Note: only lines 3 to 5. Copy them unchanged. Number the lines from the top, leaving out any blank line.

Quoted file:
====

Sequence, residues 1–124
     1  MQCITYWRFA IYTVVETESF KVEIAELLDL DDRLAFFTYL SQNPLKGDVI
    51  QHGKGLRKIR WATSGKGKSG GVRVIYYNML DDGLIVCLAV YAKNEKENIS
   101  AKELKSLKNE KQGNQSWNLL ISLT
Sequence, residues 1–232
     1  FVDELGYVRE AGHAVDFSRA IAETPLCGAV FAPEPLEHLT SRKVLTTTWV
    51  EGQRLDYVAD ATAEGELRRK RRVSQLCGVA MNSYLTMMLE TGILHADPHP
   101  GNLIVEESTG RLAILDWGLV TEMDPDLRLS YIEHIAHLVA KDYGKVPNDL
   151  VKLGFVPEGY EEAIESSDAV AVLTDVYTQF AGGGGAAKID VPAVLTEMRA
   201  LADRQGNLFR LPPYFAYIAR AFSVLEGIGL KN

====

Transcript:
    51  QHGKGLRKIR WATSGKGKSG GVRVIYYNML DDGLIVCLAV YAKNEKENIS
   101  AKELKSLKNE KQGNQSWNLL ISLT
Sequence, residues 1–232